Rating: 8/10

(Robert Caryle was one of the main characters in the 28 Weeks later. Is it my imagination or does it seem as though he has a role in every Brit Flick as of late?.........somewhat like Dame Judi Dench a decade ago. Fortunately I like Carlyle even if his resemblance to Tim Roth is somewhat uncanny).

Busy Airports

According to Associated Press the 10 busiest airports in the world are:

1. Atlanta - Hartsfield International
2. Chicago O'Hare - was the busiest in the 70's and 80's
3. London Heathrow
4. Tokyo Haneda
5. Los Angeles
6. Paris Charles De Gaulle
7. Dallas-Fort Worth
8. Frankfurt, Germany
9. Beijing
10. Madrid, Spain

Noteably absent? JFK - New York

Tuesday, July 29, 2008

10 Biggest Astronomy Discoveries over Last 35 Years

Astronomy Magazine is an excellent resource for amateur astronomers and enthusiasts of the discipline (such as myself). Founded in 1973, the magazine is celebrating its 35th anniversary this year. In commemoration it has produced a special issue that has as one of several articles a breakdown of the Top 10 Astronomical Discoveries from 1973 to the present time.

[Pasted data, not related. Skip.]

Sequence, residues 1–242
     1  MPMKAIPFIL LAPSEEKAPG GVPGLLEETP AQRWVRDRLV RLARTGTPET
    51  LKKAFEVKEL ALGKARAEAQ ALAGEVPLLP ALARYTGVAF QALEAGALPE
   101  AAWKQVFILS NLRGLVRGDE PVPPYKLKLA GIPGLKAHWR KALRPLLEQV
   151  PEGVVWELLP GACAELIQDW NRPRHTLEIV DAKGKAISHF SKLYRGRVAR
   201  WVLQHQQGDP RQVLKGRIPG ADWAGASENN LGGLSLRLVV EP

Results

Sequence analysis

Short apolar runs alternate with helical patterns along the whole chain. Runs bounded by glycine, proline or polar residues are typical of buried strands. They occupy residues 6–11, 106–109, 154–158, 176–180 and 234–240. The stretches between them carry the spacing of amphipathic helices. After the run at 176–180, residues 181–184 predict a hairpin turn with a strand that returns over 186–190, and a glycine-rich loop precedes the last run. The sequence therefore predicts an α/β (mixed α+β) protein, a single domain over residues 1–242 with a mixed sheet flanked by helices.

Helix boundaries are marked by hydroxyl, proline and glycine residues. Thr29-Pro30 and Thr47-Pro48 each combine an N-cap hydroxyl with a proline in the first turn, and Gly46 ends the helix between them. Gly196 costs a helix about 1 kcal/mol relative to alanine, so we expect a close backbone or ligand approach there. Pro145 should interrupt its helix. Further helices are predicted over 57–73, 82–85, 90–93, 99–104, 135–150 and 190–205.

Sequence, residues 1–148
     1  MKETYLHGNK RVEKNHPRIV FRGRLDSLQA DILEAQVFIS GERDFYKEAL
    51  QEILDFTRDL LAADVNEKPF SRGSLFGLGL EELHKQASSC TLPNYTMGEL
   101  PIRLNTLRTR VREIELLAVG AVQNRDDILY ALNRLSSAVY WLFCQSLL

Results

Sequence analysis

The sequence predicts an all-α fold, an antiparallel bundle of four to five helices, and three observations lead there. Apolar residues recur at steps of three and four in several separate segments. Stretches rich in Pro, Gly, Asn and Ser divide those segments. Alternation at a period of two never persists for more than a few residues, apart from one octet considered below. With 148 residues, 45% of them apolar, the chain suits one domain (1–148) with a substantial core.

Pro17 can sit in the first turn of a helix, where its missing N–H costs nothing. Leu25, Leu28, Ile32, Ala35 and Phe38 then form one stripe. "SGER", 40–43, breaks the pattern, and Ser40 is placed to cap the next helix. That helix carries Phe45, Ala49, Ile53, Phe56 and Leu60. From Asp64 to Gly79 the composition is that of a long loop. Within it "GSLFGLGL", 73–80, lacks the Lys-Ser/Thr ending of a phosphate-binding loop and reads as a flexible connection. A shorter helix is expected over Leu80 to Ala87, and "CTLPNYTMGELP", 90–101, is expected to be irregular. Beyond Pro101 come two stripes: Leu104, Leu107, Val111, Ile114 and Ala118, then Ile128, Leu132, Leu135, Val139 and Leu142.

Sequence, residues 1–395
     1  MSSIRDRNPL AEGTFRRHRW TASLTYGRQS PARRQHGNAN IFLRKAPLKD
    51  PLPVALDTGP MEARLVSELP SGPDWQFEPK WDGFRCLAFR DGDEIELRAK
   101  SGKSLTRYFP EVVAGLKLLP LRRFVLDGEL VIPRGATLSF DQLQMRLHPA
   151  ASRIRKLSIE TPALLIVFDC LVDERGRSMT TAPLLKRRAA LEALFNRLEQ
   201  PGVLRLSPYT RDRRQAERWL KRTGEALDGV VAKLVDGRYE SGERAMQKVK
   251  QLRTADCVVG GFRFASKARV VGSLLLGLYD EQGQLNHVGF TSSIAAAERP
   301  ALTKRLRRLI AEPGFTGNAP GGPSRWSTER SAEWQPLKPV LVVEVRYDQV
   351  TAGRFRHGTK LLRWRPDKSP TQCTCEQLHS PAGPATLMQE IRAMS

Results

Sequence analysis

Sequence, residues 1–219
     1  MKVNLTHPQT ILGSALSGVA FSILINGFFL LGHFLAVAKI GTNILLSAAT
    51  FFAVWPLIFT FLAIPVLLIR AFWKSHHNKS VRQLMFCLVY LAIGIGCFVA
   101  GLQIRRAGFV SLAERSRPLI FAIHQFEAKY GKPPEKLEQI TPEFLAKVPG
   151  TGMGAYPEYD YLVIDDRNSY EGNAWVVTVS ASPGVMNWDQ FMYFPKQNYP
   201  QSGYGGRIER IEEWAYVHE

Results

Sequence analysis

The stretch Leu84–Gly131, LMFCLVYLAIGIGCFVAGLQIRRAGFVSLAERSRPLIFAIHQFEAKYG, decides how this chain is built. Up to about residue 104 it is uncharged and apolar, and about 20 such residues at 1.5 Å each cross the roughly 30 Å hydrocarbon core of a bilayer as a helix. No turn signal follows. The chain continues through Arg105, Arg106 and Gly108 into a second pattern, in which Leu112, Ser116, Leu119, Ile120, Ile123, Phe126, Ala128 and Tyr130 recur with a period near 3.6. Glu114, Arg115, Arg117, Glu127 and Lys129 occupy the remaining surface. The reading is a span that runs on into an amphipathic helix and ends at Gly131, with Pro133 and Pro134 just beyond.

These are:

1. Dark Energy - In 1998 it was reasoned based on discoveries by Saul Perlmutter and Brian Schmidt that the expansion of the universe is accelerating. What causes this acceleration is believed to be a force produced by Dark Energy. What exactly Dark Energy is, is any one's guess right now but data from the Wilkinson Microwave Anistropy Probe (one of our most important Eyes in the Sky) seems to indicate that it comprises 72% of the mass of the universe (wow!). Dark Matter (another mystery) is believed to make up 23% of the mass of the universe with visible matter making up the remaining 5%.